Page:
Where I practice shooting,I shoot East to West.I have noticed for quite a while whenever I shoot in the morning,my impacts are 1moa low compared to the evening,when I am facing the sun.I shoot distances from 600 -1200,and it's 1 moa,regardless of the distance,so I am assuming it's the sun messing with the optics.Anyone else here notice a shift in POI from the sun?If so,how do you deal with it?
Most of the time this is caused by the target appearing to have a different dimension than it actually does. Your brain is aiming at a different spot without knowing it. Things look differently in direct sunlight coming from behind you than they do if the sun is at 12 o'clock.
Try to put a small dot in the middle of the target to focus on. This is in the case of shooting steel anyway.
Otherwise, maybe you need to track down an exterior ballistic's reason for your issue. Perhaps there is a measurable environmental variable going on in the morning where you shoot that would cause this. Either way, to find the answer you will have to put in the time. The truth is rarely found in just a couple shooting sessions.
Location: The rifle range, or archery range or behind the computer in Alaska
Re: How does sunlight affect your POI?
This is a common variable that has to be compensated for just like pressure, temps, etc.....
Various sun angles will cause a shift in where you perceive the target to be. When the sun is low on the horizon behind you versus infront of you or to your left or right or any other combination or when it is seriously overcast, your perception of the target changes. Even though your crosshairs are perceived to be in the middle of the target. Have you ever shot at a target at medium to longrange in a 9Oclock or 3Oclock wind in the heat and mirage? If so, you probably have noted that the target appears to move in the direction of the mirage which is moving in the direction of the wind. You will be aiming at the target and then just before your trigger breaks, the wind lets up for a few seconds. What happens? The target appears to move back to where it started which moves it off of your point of aim. It isnt the target that moves, rather it is your perception of the target. Different sun lighting angles and conditions has a similar effect on target perception. As far as compensating for it, learn what effects differnt angles have on your POI and make field adjustments for it when you 'set up' for a long shot. Personaly, I zero my rifles when it is densely overcast (which isnt hard to do up here) and that becomes my 'baseline' zero. Then I adjust accordingly.
Long range shooting is a process that ends with a result. Once you start to focus on the result (how bad your last shot was, how big the group is going to be, what your buck will score, what your match score is, what place you are in...) then you loose the capacity to focus on the process.
Last edited by Michael Eichele; 11-07-2010 at 01:41 PM.
One possible answer to your question is temperature change effect more than light chage effect. For targets that are shot with iron sights and typical 6 oclock hold on the target, you get a light effect from bright sun making the target appear larger as compare to lower light. you also get an effect from right or left sun making the target appear somewhar eliptical. My experience with hunting with a scope you are aiming to the middle section of a target and not the edges. The middle is still the middle, unless there is mirage present, which is a different subject.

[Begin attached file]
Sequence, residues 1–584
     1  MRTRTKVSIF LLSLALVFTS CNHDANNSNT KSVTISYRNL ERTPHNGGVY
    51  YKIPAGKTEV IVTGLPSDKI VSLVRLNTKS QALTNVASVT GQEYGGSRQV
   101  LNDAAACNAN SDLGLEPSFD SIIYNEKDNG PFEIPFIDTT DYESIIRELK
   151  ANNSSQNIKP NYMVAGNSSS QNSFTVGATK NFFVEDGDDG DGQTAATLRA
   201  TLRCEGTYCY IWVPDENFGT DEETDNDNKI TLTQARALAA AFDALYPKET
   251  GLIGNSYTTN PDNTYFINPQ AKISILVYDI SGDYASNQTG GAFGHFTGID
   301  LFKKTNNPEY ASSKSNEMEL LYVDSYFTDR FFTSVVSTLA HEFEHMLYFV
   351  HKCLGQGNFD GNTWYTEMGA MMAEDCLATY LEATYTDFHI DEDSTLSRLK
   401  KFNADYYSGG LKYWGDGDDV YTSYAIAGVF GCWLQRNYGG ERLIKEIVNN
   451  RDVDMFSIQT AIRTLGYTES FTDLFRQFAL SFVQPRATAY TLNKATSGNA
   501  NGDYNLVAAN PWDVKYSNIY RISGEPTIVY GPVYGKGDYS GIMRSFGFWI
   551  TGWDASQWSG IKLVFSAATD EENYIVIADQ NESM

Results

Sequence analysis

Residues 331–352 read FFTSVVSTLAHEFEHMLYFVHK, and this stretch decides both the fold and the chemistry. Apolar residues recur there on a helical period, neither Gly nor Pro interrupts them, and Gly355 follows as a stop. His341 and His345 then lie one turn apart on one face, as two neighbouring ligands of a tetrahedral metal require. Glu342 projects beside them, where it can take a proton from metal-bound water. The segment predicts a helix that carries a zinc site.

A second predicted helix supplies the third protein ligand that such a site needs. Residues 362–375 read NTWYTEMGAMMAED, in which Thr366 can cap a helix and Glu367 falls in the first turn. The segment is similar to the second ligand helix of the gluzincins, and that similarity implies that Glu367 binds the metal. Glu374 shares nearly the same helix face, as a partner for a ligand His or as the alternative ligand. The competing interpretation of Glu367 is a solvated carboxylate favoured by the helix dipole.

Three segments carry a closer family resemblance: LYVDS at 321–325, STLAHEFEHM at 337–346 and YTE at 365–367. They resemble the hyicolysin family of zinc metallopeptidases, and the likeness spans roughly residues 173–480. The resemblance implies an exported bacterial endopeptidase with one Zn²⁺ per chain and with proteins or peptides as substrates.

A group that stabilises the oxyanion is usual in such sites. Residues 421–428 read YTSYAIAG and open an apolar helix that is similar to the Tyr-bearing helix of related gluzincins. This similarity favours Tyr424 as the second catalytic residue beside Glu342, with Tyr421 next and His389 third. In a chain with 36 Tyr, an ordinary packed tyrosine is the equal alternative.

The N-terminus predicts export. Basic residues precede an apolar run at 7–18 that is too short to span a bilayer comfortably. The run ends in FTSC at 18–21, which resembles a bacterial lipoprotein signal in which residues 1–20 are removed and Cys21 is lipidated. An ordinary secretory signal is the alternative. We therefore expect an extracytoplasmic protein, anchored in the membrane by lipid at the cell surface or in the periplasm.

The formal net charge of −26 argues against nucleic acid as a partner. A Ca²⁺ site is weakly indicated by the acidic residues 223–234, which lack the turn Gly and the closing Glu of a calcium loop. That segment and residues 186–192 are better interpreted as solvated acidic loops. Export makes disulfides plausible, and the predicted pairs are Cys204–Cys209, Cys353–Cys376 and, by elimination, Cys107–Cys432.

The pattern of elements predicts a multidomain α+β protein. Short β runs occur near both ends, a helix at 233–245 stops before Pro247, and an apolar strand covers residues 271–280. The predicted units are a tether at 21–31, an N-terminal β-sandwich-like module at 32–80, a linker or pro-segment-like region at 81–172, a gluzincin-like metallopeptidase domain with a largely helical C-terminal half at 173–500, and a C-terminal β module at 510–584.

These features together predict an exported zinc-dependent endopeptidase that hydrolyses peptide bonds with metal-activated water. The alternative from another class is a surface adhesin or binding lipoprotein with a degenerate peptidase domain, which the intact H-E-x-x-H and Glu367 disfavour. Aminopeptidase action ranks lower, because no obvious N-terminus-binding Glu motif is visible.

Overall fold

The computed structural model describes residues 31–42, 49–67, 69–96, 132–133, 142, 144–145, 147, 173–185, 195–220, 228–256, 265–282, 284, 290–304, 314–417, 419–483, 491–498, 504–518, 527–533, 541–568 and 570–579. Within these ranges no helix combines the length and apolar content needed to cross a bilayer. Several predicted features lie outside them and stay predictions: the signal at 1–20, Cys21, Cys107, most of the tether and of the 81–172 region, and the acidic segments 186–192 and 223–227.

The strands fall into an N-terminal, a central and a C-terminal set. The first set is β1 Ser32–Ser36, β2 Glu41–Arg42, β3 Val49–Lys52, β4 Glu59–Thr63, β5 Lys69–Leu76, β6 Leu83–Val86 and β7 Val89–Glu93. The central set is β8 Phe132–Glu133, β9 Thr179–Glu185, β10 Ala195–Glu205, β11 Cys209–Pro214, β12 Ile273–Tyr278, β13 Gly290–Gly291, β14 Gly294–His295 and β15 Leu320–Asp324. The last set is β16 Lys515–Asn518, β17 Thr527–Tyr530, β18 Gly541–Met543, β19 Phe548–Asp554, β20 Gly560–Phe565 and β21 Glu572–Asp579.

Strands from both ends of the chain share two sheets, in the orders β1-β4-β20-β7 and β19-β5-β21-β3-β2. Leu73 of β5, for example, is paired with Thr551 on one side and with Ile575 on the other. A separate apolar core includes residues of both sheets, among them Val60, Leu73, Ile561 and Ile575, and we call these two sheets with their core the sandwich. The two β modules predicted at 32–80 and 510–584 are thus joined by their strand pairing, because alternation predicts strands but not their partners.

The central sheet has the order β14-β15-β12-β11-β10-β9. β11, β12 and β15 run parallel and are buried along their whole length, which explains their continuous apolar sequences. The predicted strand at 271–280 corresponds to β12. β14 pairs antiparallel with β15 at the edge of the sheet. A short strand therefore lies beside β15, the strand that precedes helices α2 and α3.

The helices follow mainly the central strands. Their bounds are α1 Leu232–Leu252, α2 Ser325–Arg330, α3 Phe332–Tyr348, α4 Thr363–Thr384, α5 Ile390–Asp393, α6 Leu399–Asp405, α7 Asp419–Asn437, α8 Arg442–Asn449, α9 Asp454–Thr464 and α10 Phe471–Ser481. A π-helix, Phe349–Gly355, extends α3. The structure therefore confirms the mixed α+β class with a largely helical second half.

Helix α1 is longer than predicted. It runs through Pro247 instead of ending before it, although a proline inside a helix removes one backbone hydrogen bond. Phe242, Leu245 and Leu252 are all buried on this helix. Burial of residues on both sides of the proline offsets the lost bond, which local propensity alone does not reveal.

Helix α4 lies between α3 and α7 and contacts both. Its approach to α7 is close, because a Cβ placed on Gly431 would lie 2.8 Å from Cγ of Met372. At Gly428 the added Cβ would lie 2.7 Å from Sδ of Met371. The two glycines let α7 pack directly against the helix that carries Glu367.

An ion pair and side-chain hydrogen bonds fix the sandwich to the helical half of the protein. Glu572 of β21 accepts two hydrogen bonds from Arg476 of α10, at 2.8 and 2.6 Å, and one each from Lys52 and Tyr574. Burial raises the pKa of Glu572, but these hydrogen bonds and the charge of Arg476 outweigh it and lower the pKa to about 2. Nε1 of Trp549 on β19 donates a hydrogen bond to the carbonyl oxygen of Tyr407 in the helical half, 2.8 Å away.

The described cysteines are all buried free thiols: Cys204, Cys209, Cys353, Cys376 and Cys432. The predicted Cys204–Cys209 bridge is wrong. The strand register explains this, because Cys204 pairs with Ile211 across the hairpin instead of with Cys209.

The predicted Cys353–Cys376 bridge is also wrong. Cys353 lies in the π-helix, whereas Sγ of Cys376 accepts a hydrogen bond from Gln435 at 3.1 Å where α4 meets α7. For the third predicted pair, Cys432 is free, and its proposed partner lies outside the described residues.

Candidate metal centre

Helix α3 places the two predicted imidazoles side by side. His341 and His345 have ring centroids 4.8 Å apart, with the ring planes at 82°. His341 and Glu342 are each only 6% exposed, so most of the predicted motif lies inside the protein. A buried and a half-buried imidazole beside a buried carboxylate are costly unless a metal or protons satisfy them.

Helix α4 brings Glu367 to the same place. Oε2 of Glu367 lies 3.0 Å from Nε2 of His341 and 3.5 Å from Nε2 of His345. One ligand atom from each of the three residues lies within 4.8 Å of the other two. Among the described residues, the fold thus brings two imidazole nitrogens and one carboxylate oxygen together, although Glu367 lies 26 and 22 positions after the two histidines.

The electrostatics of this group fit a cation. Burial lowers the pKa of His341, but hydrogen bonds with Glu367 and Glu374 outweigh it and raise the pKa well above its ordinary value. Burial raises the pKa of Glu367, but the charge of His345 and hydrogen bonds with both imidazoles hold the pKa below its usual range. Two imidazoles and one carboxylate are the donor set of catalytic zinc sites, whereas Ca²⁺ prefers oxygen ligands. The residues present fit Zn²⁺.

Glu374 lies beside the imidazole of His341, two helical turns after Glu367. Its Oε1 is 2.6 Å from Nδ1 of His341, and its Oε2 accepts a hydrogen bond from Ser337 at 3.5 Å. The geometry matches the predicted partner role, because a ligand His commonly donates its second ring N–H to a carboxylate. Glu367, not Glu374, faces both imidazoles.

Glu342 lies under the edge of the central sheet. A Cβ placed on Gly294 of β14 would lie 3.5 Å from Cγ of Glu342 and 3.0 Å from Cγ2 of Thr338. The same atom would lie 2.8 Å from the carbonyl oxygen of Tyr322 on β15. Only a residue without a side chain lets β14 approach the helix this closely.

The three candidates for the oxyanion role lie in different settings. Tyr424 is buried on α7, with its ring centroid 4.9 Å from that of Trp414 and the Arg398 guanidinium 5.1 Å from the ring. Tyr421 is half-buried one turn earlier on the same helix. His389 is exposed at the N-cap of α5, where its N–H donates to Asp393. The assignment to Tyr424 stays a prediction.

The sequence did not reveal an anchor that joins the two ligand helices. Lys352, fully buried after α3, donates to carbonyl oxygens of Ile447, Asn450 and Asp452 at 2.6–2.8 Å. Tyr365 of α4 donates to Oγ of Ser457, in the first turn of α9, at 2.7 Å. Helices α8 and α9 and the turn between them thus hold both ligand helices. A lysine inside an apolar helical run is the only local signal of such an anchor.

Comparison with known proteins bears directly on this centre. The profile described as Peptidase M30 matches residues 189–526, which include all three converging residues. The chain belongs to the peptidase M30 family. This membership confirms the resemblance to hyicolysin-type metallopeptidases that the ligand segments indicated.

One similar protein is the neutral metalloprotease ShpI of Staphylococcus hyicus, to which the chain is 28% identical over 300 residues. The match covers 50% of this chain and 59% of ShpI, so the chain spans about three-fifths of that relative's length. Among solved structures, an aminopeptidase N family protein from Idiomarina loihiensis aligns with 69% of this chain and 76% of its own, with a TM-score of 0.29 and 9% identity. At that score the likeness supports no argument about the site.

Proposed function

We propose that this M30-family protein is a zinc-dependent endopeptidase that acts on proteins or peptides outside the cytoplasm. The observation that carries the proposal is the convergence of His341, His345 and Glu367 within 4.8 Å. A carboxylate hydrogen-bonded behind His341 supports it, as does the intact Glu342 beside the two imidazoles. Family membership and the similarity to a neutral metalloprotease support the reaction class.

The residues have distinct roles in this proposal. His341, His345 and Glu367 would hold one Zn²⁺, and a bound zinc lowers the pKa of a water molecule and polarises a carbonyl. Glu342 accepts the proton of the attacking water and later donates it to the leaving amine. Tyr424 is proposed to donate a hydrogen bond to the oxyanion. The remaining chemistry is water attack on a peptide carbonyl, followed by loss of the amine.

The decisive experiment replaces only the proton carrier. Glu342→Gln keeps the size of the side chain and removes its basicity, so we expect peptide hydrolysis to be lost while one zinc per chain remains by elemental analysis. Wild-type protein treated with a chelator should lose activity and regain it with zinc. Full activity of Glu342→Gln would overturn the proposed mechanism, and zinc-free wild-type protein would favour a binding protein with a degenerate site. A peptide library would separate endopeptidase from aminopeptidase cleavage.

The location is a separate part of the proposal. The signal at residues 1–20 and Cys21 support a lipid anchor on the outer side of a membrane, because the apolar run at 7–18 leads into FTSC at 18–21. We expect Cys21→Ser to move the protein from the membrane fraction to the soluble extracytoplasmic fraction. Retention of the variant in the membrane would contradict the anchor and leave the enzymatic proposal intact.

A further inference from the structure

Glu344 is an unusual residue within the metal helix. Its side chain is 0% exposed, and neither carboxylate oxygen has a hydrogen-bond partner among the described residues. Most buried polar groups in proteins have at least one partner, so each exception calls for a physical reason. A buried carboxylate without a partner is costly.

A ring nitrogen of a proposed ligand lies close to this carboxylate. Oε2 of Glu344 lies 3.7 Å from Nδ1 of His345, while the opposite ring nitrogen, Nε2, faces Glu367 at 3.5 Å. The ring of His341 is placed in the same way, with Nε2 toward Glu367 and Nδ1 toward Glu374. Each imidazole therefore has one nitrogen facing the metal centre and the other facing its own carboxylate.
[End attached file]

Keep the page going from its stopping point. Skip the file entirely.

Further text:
How would I deal with it, I would use my practice and compensate according if I were you.
"Sunlight and it's position relative to the objective lens of the scope will change your point of impact or where the target appears to be"........out of the book Precision Shooting at 1000 yds sure seemed to change POI beyond 700 yds in my experiences. The amount is hard to quantify (even by professionals), and I haven't found any "rules of thumb" for it. It's also not accounted for in ballistic programs at all..........even more troublesome for alot of folks on this site (or others I imagine) who can't shoot to 1K until they come out west.
As already mentioned here, I suppose only strict practice and good record keeping will make us able to effectively deal with that variable. Also as mentioned, Mirage has it's own effects on our perception of "where the target is".
Separate from mirage, the general rule of thumb (among 1K benchrest shooters) is supposedly......"sun up, bullet up" meaning that if it's sunny, we'll shoot higher than if it's cloudy. I believe there is some real truth to that too.
Still trying to figure it out myself, because most of my "precision" or even really long range shooting up until recently has been in circumstances where "sighters" are taken...........not an option for Snipers or even Long Range Hunters.
Yeah,I am definately experiencing "sun up,bullet up",I notice that regardless of the temperature.I think I will take the advise mentioned above and zero on an overcast day,and compensate on sunny day's.I shoot with a world record holding benchrest shooter,Tom Sarver,and he told me about "sun up,bullet up",and I thought he was pulling my leg.I have now come to realize,there is definate truth to it.Do they make some sort of shader for scopes?I am not talking about the scope extensions you get with your scopes,but something that blocked out the sun ,almost like a pair of sunglasses for your scope.
I'd like to see some time laps video through a rifle scope locked on a target at a 1000yrds to see how things appeared to move through out the day. I don't know if I'm quite ready to by into this for hunting, I know sun conditions make a difference during target shooting but hunting is a little different, I almost never have mirage or much of any light issues. I'd like to see some numbers, how much MOA are guys seeing their POI change?
High Fence, Low Fence, Stuck in the Fence, if I can Tag it and Eat it, it's Hunting!